tue 27/10/2020

Classical music/Opera direct to home 16 - putting freelancers first | reviews, news & interviews

Classical music/Opera direct to home 16 - putting freelancers first

Classical music/Opera direct to home 16 - putting freelancers first

Young musicians celebrated, and two major festivals online

Andrey Lebedev, Lotte Betts Dean and Bartosz Glowacki in the first of City Music Foundation's St Pancras Clock Tower concerts

The latest wave of musicians to make their voices heard comes from the freelancers who haven't been able to claim anything so far for their loss of income and of the ability to work together.

The latest wave of musicians to make their voices heard comes from the freelancers who haven't been able to claim anything so far for their loss of income and of the ability to work together. As a group of top players putting out their plea observes, "readers may be surprised to learn that even those of us who appear regularly in various top orchestras - often including those who hold titled positions in such groups - are nonetheless paid on a concert by concert basis in the same way as freelancers". They need our support, while the government hangs fire on those who've slipped through the supposed safety net. One way to help is to contribute to Help Musicians UK (link at foot of article). You might also think of giving to organisations which nurture young musicians, such as the one which launches my selection this week.



City Music Foundation Summer Concert Series



Every Wednesday at 6pm, this wonderful set-up showcases the artists it's nurturing in a series of livestreamed concerts from inside St Pancras Clock Tower. The first was actually on Wednesday, but all the more reason to embed it here so we can all revel in the musicality and charm of an unexpected trio - mezzo-soprano Lotte Betts Dean (daughter of composer/viola-player Brett Dean), a natural communicator as compere as well as in popular song, accordionist Bartosz Glowacki and guitarist Andrey Lebedev. Next week's soloist is pianist Mihai Ritivoiu; on 8 July, Samson Tsoy, now well-known duo partner with Pavel Kolsenikov, teams up with violinist Emily Sun; and the brief extends to jazz piano (Tom Millar) and saxophone (Alex Hitchcock), appearing on 15 July.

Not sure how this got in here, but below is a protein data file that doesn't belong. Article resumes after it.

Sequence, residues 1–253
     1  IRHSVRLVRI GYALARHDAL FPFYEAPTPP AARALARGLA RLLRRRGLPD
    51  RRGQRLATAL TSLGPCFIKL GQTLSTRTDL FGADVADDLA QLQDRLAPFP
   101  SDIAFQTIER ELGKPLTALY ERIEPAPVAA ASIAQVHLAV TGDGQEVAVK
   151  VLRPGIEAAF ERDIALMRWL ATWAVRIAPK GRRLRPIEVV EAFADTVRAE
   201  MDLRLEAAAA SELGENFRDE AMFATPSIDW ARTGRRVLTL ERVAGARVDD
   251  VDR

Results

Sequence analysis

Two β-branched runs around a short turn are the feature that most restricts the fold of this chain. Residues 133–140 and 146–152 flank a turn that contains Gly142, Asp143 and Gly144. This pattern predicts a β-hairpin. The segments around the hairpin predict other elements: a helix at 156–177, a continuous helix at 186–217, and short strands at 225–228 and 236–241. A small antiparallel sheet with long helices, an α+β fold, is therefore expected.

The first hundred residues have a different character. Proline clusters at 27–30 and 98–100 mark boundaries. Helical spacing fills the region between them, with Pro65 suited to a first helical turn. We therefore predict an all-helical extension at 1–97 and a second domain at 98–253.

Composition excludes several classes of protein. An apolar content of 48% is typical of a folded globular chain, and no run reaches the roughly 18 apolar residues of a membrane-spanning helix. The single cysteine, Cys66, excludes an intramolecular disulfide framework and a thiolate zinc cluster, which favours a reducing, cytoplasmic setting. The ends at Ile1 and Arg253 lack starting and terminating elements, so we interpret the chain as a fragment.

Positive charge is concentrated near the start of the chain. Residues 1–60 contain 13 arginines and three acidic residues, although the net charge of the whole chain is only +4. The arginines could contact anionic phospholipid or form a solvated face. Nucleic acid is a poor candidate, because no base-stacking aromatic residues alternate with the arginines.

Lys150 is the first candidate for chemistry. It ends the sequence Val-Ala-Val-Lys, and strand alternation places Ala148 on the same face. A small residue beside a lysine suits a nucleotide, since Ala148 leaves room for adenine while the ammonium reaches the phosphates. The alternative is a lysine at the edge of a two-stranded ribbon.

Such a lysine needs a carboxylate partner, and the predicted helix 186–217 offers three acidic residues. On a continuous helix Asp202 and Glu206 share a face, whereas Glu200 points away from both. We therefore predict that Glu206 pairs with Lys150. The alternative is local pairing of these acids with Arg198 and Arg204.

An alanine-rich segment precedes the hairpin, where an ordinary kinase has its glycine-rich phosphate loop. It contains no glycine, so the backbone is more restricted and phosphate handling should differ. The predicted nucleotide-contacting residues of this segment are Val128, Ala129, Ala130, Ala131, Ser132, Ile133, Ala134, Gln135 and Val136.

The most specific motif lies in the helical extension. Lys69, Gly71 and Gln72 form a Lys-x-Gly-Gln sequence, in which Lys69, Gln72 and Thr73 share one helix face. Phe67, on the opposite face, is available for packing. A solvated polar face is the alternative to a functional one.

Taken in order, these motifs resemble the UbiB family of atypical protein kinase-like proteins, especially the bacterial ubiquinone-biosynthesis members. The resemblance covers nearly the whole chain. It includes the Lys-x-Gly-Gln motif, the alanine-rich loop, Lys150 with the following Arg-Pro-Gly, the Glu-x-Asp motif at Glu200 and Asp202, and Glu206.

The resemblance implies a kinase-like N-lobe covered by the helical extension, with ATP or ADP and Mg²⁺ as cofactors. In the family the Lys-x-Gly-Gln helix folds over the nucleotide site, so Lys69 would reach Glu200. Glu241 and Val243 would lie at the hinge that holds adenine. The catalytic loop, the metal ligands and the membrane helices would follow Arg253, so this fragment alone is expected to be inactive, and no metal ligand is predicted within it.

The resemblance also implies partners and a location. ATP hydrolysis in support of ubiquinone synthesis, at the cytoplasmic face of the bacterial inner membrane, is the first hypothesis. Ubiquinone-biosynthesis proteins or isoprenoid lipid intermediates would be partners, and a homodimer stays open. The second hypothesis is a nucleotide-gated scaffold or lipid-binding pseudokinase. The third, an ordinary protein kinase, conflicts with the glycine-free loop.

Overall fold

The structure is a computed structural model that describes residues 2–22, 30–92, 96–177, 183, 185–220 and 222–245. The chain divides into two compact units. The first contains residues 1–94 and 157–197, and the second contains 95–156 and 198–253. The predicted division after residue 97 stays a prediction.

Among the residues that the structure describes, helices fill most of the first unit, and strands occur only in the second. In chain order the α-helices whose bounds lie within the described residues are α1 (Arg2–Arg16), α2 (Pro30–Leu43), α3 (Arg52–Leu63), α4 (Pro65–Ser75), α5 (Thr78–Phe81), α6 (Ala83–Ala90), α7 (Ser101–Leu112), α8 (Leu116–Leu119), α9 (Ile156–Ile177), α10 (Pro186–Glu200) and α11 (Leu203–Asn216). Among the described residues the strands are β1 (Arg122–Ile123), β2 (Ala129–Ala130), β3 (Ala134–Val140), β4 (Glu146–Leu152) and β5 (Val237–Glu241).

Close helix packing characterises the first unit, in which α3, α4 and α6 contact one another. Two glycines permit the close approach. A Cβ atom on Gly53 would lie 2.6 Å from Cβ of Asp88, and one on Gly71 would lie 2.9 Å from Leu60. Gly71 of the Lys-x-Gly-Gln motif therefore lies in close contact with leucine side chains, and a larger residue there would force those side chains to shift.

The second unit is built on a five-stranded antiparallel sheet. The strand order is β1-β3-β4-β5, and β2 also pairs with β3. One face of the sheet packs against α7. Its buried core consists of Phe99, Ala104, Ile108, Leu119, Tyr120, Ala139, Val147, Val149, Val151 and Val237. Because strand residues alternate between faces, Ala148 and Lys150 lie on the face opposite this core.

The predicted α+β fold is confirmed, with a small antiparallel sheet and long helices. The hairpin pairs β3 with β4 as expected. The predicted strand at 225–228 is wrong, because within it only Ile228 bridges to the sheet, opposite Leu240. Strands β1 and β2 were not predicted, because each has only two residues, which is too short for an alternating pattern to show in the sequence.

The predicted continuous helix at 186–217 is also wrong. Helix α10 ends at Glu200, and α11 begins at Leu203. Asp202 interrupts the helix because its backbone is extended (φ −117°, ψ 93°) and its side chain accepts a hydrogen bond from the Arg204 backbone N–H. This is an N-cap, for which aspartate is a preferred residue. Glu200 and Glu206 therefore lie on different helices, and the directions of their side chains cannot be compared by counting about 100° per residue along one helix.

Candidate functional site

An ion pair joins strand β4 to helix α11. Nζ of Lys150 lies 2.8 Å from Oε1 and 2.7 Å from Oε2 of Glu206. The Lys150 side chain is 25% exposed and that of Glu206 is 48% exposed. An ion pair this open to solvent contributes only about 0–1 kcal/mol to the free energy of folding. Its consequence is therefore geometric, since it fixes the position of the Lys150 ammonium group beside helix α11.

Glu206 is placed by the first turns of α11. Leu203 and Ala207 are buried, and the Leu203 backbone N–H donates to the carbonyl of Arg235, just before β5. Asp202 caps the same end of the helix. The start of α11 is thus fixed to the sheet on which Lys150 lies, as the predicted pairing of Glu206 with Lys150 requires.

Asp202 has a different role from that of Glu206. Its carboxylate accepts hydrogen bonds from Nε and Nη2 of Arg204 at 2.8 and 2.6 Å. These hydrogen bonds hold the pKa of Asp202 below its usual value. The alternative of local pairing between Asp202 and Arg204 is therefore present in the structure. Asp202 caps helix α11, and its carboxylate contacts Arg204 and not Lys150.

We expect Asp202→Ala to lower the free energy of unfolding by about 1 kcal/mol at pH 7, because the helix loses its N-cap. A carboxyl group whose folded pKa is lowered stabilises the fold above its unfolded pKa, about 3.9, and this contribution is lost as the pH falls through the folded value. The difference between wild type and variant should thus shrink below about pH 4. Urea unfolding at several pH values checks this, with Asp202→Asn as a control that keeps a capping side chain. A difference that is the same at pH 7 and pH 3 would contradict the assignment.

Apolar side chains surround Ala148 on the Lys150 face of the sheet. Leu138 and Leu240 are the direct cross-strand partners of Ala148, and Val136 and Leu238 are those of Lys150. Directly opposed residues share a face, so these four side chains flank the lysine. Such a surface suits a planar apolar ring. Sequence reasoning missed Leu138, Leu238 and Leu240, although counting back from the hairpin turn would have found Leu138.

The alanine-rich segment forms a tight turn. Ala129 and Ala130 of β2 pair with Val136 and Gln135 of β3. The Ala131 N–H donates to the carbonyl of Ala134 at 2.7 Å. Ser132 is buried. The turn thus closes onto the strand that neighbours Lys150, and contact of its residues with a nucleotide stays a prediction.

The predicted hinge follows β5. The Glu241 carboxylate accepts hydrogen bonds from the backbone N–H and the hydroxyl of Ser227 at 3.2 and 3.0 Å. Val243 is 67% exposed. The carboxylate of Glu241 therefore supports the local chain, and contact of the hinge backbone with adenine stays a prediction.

OAE returns to Kings Place Kngs PlaceFavourite London venue for many - myself included - reopens virtually on Sunday morning at 11.30am (glorious Halle One pictured above). The Orchestra of the Age of Enlightenment offers a special lockdown edition in its series  pairing a Bach cantata - a lifetime will not be enough to experience them all in concert - with scientific talks -supposedly on its YouTube channel, though it's not listed there at the time of writing. The cantata of the day is BWV 39, "Brich dem Hungrigen dein Brot", its message all about sharing with those in need, and the talk is by Dr Dickon Bevington from the Anna Freud National Centre for Children & Families, tackling issues around social distancing. Kings Place is also sharing its archive on what it calls the K Player, ranging typically widely from Mehdi Rostami on setar and Adib Rostami on tombak giving a contemporary twist to Iranian classical music (29 July, 7pm) and Ethiopian music (15 July, 7pm) to Sarah Connolly and Andrew Staples with the Aurora Orchestra in Iain Farrington's chamber arrangement of Mahler's Das Lied von der Erde (1 July, 7pm).